A few years ago, Tudor was a brand that got neglected big time. A Rolex daughter company that creates watches with Rolex cases and bracelets using ETA movements. You didn’t want to be caught dead wearing one of those.
Hans Wilsdorf (founder of Rolex) came up with Tudor Watch Company in 1946 to make sure that people who weren’t fortunate enough to afford a Rolex at least could get a watch created with the same care and quality control, but without the in-house movement like the Rolex watches (the Daytona has been an exception on this till 2000, using Valjoux and Zenith chronograph movements).
Tudor had a line of watches very similar to the available Rolex models, like the Submariner, Day-Date and Date-Just. Tudor also had their own chronograph, with ressemblance of the famous Rolex Daytona. The Tudor Oysterdate Chronograph was launched in 1970 and this initial model was in production until 1977. This Oysterdate Chronograph had reference numbers 7031 and 7032 till no later than 1972 and after that reference numbers 7149 / 7159 / 7169 were introduced. The first two models had a hand wound Valjoux (now ETA) 7734 movement and the 71xx models had a hand wound Valjoux caliber 234 movement.
These two register chronographs register seconds and minutes when the start and stop mechanism is used. Unlike the Rolex Oyster Daytona, which had an hour totalizer as well. The case, crystal, case back, crown and pushers were all manufactured by Rolex and most of these parts carried the Rolex logo. The used bracelets were very similar to the Oyster bracelet (it probably were).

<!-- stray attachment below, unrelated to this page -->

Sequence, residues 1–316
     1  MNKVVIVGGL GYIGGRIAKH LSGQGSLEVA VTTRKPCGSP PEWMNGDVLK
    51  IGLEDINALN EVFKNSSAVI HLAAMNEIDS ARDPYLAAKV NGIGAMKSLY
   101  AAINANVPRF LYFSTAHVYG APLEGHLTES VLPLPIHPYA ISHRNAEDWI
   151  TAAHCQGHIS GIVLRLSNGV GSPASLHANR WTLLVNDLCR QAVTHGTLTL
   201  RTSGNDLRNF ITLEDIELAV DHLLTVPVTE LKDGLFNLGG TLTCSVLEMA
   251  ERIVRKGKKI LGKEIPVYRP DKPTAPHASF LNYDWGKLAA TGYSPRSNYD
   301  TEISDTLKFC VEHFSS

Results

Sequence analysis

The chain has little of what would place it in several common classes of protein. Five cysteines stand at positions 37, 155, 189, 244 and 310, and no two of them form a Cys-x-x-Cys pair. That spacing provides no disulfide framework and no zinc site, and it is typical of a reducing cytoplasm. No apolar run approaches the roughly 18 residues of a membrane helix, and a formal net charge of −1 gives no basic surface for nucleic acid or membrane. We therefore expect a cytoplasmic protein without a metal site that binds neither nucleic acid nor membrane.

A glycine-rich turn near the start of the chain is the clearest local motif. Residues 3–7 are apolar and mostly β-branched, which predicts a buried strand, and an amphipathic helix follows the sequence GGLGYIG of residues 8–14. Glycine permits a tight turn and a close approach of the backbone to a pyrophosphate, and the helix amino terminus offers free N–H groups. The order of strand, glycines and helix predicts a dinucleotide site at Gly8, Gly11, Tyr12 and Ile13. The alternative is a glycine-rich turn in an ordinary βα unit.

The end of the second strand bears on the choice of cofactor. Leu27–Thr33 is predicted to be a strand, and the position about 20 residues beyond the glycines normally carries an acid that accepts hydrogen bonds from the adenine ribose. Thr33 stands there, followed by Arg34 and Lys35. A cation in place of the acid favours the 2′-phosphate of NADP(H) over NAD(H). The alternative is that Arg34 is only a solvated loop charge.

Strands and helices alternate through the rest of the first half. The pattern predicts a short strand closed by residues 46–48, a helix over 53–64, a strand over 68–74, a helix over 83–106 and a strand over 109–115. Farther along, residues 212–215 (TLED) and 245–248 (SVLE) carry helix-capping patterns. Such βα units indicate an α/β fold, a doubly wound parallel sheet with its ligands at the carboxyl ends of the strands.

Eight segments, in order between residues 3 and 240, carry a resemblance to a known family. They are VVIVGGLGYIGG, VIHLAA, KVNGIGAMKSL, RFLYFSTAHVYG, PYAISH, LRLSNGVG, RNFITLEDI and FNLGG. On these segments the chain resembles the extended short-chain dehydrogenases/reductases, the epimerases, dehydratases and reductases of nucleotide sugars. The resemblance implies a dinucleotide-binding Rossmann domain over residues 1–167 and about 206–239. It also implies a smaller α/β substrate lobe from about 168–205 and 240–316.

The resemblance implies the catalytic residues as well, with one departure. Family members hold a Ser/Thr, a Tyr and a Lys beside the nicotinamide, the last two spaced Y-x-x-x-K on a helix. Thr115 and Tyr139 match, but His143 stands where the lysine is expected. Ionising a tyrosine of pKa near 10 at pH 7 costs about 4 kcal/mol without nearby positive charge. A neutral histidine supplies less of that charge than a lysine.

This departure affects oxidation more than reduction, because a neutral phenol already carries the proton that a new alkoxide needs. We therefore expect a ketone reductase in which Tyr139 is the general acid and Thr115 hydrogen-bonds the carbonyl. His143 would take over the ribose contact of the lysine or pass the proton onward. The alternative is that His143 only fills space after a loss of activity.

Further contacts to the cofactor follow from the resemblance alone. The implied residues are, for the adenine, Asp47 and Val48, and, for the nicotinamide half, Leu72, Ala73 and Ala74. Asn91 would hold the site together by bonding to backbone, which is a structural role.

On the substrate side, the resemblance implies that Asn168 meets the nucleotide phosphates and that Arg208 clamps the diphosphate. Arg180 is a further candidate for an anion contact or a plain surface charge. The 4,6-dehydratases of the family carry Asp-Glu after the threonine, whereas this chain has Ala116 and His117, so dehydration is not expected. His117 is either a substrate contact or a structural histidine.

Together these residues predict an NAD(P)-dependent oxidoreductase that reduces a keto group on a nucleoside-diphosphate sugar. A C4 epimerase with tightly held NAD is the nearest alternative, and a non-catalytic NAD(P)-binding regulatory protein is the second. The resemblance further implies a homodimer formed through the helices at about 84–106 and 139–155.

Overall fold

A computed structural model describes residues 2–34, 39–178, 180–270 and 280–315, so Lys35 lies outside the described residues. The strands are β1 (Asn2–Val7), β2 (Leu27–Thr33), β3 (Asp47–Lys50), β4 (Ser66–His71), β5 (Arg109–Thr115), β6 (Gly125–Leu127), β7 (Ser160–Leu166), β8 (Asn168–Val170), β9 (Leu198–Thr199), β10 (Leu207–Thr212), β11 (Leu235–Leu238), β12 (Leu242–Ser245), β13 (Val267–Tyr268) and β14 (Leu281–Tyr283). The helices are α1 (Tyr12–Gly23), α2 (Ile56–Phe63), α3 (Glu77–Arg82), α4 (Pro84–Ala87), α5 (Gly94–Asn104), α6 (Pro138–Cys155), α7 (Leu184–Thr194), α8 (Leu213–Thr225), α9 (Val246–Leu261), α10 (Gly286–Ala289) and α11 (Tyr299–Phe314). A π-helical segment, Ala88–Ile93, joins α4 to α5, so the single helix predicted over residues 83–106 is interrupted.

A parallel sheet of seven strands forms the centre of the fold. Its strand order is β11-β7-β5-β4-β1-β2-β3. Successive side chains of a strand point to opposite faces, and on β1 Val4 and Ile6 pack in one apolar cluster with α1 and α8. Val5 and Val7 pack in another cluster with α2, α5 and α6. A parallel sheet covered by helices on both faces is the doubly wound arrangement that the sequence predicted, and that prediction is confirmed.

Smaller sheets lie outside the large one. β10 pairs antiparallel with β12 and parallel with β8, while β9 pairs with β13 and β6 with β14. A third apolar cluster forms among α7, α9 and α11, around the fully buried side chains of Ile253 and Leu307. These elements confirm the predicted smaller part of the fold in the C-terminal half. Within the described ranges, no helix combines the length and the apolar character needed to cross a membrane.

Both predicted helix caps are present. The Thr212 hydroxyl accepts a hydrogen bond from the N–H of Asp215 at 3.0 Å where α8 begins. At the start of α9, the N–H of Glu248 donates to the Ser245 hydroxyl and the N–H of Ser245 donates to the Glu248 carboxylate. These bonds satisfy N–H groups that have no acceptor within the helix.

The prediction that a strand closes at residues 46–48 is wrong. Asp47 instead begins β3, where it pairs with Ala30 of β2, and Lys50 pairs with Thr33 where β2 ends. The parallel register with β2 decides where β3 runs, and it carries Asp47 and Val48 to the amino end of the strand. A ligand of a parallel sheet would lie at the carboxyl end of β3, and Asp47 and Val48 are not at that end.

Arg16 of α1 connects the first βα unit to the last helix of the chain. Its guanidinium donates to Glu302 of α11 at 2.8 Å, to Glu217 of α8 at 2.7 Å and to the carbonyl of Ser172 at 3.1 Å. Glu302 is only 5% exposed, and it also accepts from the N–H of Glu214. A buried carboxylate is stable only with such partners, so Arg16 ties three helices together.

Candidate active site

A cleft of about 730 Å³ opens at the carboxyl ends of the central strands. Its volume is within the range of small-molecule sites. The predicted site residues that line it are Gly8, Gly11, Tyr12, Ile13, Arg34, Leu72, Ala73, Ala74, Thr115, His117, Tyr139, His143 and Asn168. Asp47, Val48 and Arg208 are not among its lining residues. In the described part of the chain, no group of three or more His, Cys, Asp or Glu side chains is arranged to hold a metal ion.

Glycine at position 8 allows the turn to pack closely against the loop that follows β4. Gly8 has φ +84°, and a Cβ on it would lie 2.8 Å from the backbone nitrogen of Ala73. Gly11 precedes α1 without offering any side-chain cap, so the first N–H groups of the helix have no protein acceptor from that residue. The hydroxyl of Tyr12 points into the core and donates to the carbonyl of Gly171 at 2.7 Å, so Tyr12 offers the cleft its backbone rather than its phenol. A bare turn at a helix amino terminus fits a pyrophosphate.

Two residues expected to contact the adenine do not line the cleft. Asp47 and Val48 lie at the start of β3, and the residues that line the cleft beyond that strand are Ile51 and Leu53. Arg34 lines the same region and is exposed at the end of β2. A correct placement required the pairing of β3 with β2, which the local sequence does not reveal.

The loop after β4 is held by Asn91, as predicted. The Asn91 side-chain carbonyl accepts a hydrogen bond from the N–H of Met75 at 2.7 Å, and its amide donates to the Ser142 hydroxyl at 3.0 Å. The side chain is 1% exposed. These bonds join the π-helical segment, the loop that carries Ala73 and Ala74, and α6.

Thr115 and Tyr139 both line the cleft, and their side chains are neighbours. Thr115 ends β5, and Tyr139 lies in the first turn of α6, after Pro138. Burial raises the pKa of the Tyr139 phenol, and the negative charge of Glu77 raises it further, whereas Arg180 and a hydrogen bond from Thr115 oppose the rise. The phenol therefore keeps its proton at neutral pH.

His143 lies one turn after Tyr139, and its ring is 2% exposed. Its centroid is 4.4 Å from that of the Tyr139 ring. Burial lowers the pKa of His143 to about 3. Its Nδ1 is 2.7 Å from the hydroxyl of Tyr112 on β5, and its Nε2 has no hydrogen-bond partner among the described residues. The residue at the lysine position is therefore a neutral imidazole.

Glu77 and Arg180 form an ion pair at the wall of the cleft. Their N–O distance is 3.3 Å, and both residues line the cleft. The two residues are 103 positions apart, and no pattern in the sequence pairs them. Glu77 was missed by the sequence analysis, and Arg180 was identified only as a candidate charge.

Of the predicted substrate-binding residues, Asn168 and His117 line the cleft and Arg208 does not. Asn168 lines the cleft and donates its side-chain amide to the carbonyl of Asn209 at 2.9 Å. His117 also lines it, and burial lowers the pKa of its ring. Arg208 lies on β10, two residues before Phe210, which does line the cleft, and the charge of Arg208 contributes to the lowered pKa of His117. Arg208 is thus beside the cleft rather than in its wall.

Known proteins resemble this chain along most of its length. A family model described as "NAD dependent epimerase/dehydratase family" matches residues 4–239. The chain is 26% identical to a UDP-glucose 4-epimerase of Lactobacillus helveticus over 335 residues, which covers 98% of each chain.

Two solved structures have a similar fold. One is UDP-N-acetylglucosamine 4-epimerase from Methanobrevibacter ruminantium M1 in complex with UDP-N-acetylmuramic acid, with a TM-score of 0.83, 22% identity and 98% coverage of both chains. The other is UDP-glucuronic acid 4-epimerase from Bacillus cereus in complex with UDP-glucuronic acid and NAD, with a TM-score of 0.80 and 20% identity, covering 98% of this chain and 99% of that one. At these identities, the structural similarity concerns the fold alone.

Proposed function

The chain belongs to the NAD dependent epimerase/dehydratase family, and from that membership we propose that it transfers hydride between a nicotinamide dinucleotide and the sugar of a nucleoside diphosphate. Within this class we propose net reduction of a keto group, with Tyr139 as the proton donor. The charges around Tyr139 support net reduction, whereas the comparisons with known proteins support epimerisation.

From 1980 till the mid 1990s, Tudor continued to use the Oysterdate Chronograph line, using the famous Valjoux 7750 movement. A automatic chronograph movement that had proven itself over time, and which is still used today (by Tudor and a lot of other brands).
It wasn’t until the mid 1990s that Tudor introduced a more modern looking chronograph. But as we wrote above, you wouldn’t want to be caught dead wearing one. These watches were (and are) built with great care and are very interesting with it comes to quality and price, but you just couldn’t explain to your friends in the bar who all had Rolexes, that you had a cheaper version built by a daughter company of Rolex.
Now, fast forward 2010. You can quietly cry in your pillow if you had been looking at a Tudor in the 1970s, 1980s or even early 1990s but decided to go with a Raymond Weil or Ebel instead. An early Tudor ref. 7031 will fetch (at least) 14.000 Euro / 18,600 USD. The later 71xx models start at approx. 7.000 Euro / 9,300 USD. Tudor has been stirring up the hearts of vintage Rolex collectors as well, and you just read what will happen than. Prices of these early Tudor chronographs go up faster than your expensive Italian sportscar depreciates.
The goods news is – finally – that Tudor acknowledges the request for these vintage babies and decided to make a nice gesture by creating a re-edition of the first 1970 Tudor chronograph. The Tudor Heritage Chrono model will be hitting stores in 2010, featuring a Tudor 2892 movement. As the name suggests (very fairly of Tudor), the Tudor Heritage Chrono is based on the ETA 2892-A2 movement. This version has been modified with a chronograph module add-on.
Price? We at Motoring Exposure think the Tudor Heritage Chrono price of the (ref 70330N) is very fair. The Tudor catalogue 2010 / 2011 mentions a list price of 4200 CHF, which is around 3000 Euro / 4,000 USD. Before discount. This watch comes with an Oyster bracelet and some kind of NATO strap. However, it isn’t really a NATO strap. The strap on the Tudor Heritage Chrono will be connected to the watch with regular spring bars, so there is no NATO strap that needs to be folded or anything. It is just like another regular strap. We think Tudor did a nice job on this strap though. We also think that Tudor (or Rolex for that matter) reads Rolex and Tudor forums and fan websites better than we might have thought. The Tudor Heritage Chrono is what we wanted for a long time.
Tudor Heritage Chrono 70330N Gallery
Photos courtesy of Tudor Watch Company.